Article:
10      Following that bulletin, the prefectural authorities carried out inspections in the food shops Alfa Vita Vassilopoulos AE (formerly Trofo Super‑Markets AE) and Carrefour-Marinopoulos AE, the applicants in the main proceedings. It having been found that bread was being sold and that ovens for the baking of frozen bread were being used without a licence, those authorities, by two decisions taken on 27 November 2001, ordered the cessation of the operation of those bread ovens.

11      The applicants in the main proceedings brought an action before the national court for annulment of those decisions, claiming, inter alia, that the national legislation, as applied by the prefectural authorities, amounted to a quantitative restriction which was prohibited by Article 28 EC and could not be justified on grounds of public health or consumer protection.

12      In those circumstances, the Diikitiko Protodikio Ioanninon decided to stay the proceedings and to refer the following questions to the Court for a preliminary ruling:

‘1.      Does the requirement for the prior licence [referred to above in the grounds of the decision for reference] in order to market “bake-off” products constitute a measure equivalent to a quantitative restriction within the meaning of Article 28 EC?

2.      If it were considered to be a quantitative restriction, does the requirement for a prior licence in order to make bread pursue a purely qualitative objective, that is to say, establish a mere qualitative differentiation with regard to the characteristics of the bread marketed (of smell, taste, colour and the appearance of the crust) and its nutritional value (judgment of the Court of Justice in Case C-325/00 Commission v Germany [2002] ECR I-9977) or does it seek to protect consumers and public health from any deterioration in the bread’s quality (Simvoulio tis Epikratias (Council of State) 3852/2002)?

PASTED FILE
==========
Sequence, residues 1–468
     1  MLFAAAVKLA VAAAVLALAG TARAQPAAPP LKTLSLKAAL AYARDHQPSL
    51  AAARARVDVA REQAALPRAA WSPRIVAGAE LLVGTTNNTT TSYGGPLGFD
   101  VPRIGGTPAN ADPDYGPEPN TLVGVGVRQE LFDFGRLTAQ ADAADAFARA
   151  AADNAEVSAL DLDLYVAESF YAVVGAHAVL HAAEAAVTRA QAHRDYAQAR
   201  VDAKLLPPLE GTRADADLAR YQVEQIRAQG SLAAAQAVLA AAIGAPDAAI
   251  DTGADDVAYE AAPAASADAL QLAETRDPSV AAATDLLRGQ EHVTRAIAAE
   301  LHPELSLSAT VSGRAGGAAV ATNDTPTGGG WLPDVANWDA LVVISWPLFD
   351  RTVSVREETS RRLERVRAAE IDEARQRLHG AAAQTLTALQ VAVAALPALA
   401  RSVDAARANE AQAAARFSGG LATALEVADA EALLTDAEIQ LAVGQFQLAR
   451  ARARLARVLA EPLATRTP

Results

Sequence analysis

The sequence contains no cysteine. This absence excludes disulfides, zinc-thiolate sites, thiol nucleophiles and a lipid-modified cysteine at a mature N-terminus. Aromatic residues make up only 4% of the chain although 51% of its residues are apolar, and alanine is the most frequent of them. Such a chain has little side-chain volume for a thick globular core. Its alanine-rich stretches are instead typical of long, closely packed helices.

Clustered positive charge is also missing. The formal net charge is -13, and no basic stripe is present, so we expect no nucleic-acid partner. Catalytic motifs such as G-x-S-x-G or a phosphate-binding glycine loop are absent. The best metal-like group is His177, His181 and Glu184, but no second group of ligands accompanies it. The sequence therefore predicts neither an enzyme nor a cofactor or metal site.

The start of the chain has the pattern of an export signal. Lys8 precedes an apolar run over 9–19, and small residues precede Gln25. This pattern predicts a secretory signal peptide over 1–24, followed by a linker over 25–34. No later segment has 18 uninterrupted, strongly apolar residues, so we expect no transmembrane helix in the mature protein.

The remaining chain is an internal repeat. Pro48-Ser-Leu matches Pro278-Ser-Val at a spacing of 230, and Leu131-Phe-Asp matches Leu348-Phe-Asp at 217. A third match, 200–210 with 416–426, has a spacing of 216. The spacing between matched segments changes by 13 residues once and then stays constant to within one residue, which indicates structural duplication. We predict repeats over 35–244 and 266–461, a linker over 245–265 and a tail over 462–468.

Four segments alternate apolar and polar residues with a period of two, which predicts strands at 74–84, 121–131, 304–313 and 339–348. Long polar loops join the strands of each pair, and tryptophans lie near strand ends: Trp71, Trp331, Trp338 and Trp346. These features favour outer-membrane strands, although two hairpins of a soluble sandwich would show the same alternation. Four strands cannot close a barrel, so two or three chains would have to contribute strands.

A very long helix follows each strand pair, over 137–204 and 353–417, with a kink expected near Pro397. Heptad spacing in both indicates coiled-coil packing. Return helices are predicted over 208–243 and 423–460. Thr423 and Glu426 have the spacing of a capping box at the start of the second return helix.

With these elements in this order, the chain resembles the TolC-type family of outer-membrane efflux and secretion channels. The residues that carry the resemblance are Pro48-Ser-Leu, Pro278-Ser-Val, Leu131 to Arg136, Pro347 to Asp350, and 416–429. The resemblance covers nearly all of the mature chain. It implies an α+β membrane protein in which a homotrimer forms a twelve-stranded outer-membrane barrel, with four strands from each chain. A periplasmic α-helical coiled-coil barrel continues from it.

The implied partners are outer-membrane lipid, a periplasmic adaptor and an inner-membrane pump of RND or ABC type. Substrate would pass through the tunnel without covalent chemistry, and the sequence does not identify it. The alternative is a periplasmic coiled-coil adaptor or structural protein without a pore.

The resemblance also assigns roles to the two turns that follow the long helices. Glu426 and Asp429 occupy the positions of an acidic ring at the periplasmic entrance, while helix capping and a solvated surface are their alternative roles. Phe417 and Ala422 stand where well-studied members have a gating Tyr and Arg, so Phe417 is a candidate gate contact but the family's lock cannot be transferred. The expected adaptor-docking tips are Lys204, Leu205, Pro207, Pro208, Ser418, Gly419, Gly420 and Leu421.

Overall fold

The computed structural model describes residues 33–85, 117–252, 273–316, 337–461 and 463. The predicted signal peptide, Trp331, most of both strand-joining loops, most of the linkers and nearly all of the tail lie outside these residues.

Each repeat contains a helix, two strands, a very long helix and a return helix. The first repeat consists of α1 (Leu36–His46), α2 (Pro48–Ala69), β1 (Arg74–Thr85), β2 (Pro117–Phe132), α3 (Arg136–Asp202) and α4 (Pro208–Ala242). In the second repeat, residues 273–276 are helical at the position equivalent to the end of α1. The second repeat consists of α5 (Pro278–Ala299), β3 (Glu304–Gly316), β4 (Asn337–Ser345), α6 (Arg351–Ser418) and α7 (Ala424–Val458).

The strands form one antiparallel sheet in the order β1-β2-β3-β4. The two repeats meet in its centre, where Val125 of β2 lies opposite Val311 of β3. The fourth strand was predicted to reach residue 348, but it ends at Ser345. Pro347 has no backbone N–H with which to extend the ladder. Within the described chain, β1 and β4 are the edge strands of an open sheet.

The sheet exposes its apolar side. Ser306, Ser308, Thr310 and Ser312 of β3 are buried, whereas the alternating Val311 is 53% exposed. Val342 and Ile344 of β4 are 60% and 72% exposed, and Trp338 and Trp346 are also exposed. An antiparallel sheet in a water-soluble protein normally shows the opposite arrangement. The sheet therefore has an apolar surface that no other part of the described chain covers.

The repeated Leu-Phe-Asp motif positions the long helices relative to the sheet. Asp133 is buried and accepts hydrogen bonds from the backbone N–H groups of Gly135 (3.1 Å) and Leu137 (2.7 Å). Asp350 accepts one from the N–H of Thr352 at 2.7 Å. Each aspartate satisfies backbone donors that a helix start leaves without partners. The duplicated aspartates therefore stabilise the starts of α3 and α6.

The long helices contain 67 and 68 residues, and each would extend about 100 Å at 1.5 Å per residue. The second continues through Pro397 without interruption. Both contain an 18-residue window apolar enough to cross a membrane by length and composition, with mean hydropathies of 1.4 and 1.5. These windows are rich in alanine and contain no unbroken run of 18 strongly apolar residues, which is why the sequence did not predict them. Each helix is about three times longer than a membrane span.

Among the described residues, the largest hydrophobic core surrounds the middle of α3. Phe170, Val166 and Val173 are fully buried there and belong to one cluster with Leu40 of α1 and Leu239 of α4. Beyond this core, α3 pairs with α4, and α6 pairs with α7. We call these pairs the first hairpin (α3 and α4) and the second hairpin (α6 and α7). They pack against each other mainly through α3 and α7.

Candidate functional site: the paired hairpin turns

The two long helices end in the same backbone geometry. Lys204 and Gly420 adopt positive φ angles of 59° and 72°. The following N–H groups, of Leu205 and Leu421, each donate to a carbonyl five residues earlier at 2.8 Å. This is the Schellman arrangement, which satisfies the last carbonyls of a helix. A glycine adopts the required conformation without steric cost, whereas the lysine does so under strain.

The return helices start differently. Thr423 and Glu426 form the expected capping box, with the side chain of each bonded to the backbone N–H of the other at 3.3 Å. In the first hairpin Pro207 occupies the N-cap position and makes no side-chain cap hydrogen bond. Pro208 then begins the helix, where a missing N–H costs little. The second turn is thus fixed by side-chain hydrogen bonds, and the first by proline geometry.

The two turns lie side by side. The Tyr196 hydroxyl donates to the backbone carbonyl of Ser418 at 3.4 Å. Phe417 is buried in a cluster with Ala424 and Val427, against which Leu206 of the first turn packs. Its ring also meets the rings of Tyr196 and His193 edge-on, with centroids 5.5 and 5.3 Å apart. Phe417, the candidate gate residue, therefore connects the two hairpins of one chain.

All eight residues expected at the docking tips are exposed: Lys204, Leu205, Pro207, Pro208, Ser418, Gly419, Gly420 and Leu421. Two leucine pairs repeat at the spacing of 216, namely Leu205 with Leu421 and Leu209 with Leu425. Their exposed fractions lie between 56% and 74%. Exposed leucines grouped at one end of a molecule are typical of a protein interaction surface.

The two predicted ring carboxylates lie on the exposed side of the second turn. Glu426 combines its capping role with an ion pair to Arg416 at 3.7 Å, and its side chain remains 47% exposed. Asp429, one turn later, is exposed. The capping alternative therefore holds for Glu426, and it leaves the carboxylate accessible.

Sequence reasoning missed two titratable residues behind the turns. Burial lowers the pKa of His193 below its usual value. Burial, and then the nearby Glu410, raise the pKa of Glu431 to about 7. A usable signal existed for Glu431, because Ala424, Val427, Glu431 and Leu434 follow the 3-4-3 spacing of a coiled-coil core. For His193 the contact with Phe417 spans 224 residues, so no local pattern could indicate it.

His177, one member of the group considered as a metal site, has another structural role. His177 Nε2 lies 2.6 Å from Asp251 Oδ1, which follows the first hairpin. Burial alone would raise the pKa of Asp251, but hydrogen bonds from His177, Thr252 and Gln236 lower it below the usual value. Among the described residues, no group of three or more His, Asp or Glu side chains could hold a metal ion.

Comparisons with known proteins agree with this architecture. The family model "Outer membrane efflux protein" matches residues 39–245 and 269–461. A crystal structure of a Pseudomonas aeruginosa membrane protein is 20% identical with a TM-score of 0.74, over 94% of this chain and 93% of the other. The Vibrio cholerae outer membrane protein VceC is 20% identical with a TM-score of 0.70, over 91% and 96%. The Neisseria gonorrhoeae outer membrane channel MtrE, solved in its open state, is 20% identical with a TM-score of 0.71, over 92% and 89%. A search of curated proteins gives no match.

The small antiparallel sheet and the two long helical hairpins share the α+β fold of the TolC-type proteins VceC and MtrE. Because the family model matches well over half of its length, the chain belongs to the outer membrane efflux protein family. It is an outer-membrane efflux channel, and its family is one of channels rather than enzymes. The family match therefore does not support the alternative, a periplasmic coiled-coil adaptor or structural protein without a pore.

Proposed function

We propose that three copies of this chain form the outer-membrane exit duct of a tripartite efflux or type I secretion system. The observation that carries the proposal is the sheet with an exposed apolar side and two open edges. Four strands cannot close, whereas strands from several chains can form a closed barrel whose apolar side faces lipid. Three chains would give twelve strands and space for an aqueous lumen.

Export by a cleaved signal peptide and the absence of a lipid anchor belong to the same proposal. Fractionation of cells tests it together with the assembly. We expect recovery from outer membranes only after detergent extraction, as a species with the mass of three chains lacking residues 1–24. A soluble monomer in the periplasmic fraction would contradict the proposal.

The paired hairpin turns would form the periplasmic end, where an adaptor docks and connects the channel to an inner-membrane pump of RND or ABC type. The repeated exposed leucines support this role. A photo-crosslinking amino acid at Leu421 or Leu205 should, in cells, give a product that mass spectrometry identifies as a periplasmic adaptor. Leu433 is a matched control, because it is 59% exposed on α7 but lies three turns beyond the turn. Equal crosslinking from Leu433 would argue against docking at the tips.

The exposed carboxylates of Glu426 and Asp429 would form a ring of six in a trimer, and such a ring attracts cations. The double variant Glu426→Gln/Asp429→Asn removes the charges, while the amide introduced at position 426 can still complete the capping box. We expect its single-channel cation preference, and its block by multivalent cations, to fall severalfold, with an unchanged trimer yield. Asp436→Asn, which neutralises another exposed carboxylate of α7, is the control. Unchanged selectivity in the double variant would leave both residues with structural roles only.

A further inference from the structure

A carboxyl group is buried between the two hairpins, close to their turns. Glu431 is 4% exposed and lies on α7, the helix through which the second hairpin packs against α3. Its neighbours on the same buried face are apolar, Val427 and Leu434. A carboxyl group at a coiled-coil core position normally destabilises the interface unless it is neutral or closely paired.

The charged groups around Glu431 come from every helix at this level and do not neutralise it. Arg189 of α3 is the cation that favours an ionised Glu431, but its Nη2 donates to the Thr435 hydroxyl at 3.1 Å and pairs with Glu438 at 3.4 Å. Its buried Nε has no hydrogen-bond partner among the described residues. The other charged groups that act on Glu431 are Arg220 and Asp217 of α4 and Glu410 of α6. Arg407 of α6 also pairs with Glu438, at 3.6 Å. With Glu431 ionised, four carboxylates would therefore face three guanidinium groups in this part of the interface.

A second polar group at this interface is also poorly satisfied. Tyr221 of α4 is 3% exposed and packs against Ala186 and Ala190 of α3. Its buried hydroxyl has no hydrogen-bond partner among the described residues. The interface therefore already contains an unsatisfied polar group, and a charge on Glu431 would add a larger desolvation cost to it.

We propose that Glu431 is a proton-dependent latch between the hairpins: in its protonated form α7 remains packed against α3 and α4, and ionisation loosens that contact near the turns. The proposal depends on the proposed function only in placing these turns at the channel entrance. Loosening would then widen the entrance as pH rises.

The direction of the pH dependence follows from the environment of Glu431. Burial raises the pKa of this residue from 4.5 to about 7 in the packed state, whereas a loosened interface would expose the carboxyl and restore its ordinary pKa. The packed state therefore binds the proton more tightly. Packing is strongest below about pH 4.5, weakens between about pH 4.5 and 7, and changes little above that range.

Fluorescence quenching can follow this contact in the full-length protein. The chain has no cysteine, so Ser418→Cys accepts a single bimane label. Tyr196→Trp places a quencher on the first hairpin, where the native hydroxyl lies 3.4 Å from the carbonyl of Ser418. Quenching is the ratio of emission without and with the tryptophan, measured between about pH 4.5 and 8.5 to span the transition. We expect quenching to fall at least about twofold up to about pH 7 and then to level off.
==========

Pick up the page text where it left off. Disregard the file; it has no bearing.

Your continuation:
3.      On the basis that the abovementioned restriction concerns both domestic and Community “bake-off” products without distinction, is there a link with Community law and is that restriction capable of affecting, whether directly or indirectly, actually or potentially, the free trading of those products between Member States?’

 The questions referred for a preliminary ruling

13      By its questions referred for a preliminary ruling, which it is appropriate to consider together, the national court asks essentially whether national legislation, which subjects the sale of ‘bake-off’ products to the same requirements as those applicable to the complete manufacturing and marketing procedure for traditional bread and bakery products, constitutes a measure having equivalent effect to a quantitative restriction within the meaning of Article 28 EC and, if so, whether it may be justified on the ground that it is intended to guarantee the quality of those products or protect consumers or public health.

14      It should be borne in mind, as a preliminary point, that the free movement of goods between Member States is a fundamental principle of the Treaty which is expressed, inter alia, in the prohibition in Article 28 EC of quantitative restrictions between Member States and all measures having equivalent effect.

15      The prohibition of measures having equivalent effect to quantitative restrictions set out in Article 28 EC covers all measures which are capable of hindering, directly or indirectly, actually or potentially, intra-Community trade (see, in particular, Case 8/74 Dassonville [1974] ECR 837, paragraph 5; Case 178/84 Commission v Germany (Beer purity) [1987] ECR 1227, paragraph 27; Case C‑192/01 Commission v Denmark [2003] ECR I-9693, paragraph 39; and Case C‑366/04 Schwarz [2005] ECR I‑10139, paragraph 28).